Quote taken from: Walter Hilton, Scale of Perfection, I, xvi.
State legislatures have continued to reject bills that would ban Sexual Orientation Change Effort (SOCE) therapy for minors. Their decisions rest on the evidence. Ego-dystonic, same-sex attracted individuals can finally overcome their unresolved issues and lead happy, heterosexual lives. Except for the legislators of New Jersey and California, who hastily voted after have been given false, misleading, and/or unsubstantiated allegations about the harm of this type of counseling, the legislators of Virginia, Washington, Maryland, Minnesota, Illinois (and perhaps more as I write this) voted to reject these bills only after hearing and considering the testimonies of reoriented men and women who bravely shared their sexual reorientation journeys.
For these reasons, the legislators in these states could not, in good conscience, deny the right of any child to seek life-changing help they need and desire. How could a legislator listen to a reoriented man testify that he had been raped as a child and then wanted nothing more than to commit suicide because of the effects that rape had on him? How could a legislator ignore the life changing reality that reorientation therapy gave this man? How could a legislator not realize the long-lasting effects that reorientation therapy can have on history, affecting generations of progeny that would otherwise never exist?
The most important word in the above paragraph is “ego-dystonic.” Simply stated, the term means “unhappy with one’s mental state.” An ego-dystonic homosexual is not happy with his sexual attractions, desires and/or actions involving his/her same-sex peers. Any ego-syntonic homosexual, on the other hand, would not feel unhappy with his/her attractions, feelings and actions.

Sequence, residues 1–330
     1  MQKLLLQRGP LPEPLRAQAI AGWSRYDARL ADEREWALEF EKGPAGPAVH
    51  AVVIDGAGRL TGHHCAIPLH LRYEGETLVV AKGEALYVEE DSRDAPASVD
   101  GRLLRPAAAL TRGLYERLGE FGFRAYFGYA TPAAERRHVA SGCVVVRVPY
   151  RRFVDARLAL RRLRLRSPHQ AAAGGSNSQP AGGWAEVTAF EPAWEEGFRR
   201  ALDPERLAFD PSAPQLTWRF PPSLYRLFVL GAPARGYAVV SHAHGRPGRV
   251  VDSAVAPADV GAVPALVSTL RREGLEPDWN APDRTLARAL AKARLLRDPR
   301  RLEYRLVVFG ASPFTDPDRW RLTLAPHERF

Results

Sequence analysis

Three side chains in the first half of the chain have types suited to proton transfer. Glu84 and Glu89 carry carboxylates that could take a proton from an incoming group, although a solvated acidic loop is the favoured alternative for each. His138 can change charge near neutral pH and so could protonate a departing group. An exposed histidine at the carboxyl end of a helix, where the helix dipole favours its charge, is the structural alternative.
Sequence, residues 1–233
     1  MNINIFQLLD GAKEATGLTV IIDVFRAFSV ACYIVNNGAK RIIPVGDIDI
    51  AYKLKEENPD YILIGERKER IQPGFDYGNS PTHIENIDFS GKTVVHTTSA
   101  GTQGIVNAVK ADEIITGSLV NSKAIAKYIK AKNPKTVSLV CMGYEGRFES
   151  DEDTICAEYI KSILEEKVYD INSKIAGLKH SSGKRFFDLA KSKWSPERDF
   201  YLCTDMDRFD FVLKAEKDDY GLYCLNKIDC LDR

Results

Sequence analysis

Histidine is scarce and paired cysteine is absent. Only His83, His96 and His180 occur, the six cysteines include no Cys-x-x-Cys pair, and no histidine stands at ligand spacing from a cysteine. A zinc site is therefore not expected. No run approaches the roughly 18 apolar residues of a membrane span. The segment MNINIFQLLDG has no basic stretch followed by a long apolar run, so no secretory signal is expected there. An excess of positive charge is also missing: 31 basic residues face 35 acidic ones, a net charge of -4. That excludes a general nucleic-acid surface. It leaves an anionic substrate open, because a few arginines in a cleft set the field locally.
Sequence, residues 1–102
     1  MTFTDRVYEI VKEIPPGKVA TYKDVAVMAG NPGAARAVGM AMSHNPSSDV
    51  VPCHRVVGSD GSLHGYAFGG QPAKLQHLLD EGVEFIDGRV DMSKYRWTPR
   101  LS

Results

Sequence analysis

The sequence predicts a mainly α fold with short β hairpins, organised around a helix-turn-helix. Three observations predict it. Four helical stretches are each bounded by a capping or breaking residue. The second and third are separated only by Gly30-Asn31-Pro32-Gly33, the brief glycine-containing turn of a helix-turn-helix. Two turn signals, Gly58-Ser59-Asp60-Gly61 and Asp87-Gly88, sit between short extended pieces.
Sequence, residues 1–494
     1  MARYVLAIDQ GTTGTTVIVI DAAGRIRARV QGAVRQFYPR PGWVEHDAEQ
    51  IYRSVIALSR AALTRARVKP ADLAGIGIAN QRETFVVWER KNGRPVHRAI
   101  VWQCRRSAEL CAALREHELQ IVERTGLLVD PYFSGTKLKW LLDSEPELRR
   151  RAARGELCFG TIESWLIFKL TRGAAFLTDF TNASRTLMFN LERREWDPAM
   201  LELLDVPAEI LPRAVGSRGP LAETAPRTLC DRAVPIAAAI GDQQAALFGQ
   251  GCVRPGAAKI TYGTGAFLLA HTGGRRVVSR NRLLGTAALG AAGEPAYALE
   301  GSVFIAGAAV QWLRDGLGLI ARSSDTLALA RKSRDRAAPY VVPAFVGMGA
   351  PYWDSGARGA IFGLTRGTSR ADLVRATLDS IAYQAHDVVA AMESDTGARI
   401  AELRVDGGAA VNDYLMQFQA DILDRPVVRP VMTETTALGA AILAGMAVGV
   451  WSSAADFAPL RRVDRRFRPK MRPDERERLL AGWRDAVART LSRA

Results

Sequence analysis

The terms ‘syntonic’ and ‘dystonic’ are used by psychologists to describe many conditions relating to a client’s perceptions of themselves. It has nothing to do with being ‘homophobic,’ a semantically convenient, culturally accepted label that is misapplied to individuals who are seeking counseling to reclaim their inherent sexuality. We would not call someone who turns to food as a way of dealing with unresolved anger and anxiety ‘fatphobic.” This client wants help with food. An ego-dystonic homosexual wants help with his relationships with same-sex peers.
Which brings us to Walter Hilton (d. 1396). His oft cited observance: “He jests at scars who never felt a wound,” may very well describe the basis for ego-syntonic homosexuals’ negative reactions to legislator’s decisions to continue to allow SOCE therapy for minors. It also may be the basis for the extreme hate-filled attacks being made on successfully reoriented men and women.
It is the contention of many who have become re-oriented that while they were in their gay lifestyles, at least for some of the time, “they never felt a wound.” For a time, they were indeed “gay” [read blissfully happy]. At that time in their lives, they could easily jest at the so-called mental “scars” of their former brethren (re-oriented homosexuals) who did feel the mental wounds of their pasts.
In C. S. Lewis’s book, The Problem of Pain, R. Havard, M.D. offers these notes in the Appendix: